There is no mention of the All-Father Baiame in the accounts of the earliest commentators in the Sydney region. Swain (1993:145) argues that the earliest mention of Baiame dates to the 1830s, in the Wellington Valley mission, in central western New South Wales, and that Baiame was introduced to that area from closer to the Sydney frontier. Carey and Roberts (2002:822–823) examine in detail the records (many of which have previously been overlooked) from the Wellington Valley mission, and argue that Baiame, and an associated dance ritual, waganna, was a phenomenon linked to the aftermath of smallpox. Their research is also concerned with exploring the intellectual and cultural response to the impacts of disease and death. At Wellington, Baiame was associated with an adversary, Tharrawiirgal, who was believed responsible for the bringing of smallpox because of his wrath due to his loss of a tomahawk (Carey & Roberts 2002:830–831). Smallpox reached the Wellington Valley in 1830, and was particularly severe. It has been estimated that a third of the population died (Carey & Roberts 2002:827, 829). The Wiradjuri, via a range of Indigenous and/or borrowed natural and/or magical explanatory frameworks, began to search for an explanation and possibly control of ‘so virulent a misfortune’ (Carey & Roberts 2002:831). They argue that, from 1830, there is evidence that suggests that one cultural response was the creation of new dance rituals and mourning ceremonies, and that, by c. 1833, these responses had been elaborated into a waganna, or dance ritual.

Missionaries recorded that some dance rituals were held at this time specifically in regard to smallpox (Carey & Roberts 2002:832). Over a period of time they were performed on a regular basis and with increasing intensity and ritual elaboration. By 1835, there was also a shift in focus from smallpox to the issue of sexual access by white men to Aboriginal women and children, and an insistence on the traditional practice of nose piercing (Carey & Roberts 2002:833, 837–838). Between 1833 and 1935 it was also strongly believed, as Swain (1993) similarly documents, that the end of the world was a possibility, and specifically that the world was to be destroyed by flood.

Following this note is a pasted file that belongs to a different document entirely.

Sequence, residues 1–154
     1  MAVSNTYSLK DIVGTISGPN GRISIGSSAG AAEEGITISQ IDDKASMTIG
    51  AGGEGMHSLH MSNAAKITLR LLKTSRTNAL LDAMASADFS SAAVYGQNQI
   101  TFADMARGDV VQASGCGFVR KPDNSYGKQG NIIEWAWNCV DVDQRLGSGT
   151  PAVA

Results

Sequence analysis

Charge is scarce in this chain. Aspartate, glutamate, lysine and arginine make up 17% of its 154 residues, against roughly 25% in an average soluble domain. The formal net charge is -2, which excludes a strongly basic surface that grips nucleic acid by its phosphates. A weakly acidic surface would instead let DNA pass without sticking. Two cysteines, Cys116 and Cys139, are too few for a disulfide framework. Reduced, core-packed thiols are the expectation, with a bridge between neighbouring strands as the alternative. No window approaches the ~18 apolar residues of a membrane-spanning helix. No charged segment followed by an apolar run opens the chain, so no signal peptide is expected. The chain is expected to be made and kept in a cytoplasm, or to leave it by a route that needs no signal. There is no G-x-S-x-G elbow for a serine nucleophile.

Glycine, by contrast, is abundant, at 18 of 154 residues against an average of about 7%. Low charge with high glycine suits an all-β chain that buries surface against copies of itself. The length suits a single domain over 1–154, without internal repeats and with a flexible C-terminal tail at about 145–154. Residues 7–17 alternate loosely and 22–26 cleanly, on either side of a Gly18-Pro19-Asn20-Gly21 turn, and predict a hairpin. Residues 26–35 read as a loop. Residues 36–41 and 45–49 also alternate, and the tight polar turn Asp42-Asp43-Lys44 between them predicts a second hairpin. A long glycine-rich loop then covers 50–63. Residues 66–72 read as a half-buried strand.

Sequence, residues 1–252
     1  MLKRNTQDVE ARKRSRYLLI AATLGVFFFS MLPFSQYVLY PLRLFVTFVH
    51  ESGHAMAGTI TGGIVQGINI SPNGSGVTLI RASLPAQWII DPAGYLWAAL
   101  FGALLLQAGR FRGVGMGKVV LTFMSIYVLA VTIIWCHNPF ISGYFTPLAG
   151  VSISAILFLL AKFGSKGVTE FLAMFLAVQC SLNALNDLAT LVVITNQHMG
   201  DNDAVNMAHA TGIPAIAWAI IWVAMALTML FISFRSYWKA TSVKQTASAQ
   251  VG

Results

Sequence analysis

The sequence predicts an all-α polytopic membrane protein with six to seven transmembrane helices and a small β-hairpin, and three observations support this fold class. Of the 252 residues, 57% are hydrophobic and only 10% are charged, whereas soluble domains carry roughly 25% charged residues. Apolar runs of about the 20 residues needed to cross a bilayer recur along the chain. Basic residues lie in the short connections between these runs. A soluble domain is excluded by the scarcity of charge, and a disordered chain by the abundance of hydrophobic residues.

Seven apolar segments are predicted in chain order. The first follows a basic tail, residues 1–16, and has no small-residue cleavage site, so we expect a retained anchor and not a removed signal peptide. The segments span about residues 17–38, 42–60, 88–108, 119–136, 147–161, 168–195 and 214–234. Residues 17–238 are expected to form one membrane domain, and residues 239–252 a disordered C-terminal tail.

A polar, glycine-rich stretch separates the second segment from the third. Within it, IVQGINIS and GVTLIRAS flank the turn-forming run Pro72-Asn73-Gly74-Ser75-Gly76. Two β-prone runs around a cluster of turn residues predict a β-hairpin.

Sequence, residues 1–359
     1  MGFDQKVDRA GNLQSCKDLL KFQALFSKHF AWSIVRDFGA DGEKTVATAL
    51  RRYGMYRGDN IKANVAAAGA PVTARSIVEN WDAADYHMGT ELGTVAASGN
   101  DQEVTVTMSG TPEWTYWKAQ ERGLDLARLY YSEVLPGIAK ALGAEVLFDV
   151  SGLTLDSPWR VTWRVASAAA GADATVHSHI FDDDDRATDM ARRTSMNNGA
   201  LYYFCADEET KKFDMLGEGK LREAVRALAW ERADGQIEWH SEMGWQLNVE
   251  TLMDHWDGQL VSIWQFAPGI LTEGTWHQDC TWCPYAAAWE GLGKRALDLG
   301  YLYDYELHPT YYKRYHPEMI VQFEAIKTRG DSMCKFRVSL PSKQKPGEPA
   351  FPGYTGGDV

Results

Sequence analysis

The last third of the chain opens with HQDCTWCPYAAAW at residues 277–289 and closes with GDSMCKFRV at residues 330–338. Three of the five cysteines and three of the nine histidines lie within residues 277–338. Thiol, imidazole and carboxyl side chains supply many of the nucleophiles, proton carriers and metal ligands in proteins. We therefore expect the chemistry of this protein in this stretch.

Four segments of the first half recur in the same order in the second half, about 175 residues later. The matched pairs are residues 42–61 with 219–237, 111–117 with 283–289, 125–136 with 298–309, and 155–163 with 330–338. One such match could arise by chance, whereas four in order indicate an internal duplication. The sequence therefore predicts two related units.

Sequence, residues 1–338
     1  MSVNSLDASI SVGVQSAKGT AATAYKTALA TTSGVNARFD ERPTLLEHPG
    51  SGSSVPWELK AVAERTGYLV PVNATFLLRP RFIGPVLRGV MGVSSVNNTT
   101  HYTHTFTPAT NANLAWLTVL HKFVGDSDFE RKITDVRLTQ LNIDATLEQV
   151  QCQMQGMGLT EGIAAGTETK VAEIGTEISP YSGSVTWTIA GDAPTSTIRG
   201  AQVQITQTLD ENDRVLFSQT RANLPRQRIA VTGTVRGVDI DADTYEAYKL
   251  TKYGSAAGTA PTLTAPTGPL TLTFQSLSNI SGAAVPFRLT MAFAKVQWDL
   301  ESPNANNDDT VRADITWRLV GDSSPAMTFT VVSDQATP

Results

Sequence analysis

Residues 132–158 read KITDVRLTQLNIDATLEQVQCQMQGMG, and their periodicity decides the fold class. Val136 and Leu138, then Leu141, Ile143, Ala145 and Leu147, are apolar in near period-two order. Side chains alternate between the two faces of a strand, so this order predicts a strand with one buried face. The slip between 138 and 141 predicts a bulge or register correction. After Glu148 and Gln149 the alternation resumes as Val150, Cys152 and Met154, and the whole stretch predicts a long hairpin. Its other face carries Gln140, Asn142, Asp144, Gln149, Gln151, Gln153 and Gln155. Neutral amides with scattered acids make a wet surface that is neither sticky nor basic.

The Baiame waganna cult at Wellington lasted for two years only, and during this time missionaries recorded what Carey and Roberts (2002:843) describe as the formation and transformation of the Baiame travelling cult. They observed major changes in the prophecies. The concern with smallpox shifted to the issue of the sexual abuse of women and children by white men and a focus on the instigation of traditional practices. The cosmology saw a decline in the acknowledgement of Tharrawiirgal, who was regularly replaced by Daramulan, and to a ‘magnification of the authority of Baiame’ (Carey & Roberts 2002:843). The evidence from Wellington is testament of dramatic and swift change in Aboriginal people’s beliefs and concerns, which could take place in a very brief period to time.

It is inconceivable that the Aboriginal people from the Upper Nepean catchment and environs did not also adapt their world view and conceptions of existence to meet the demands of life within the colonial milieu.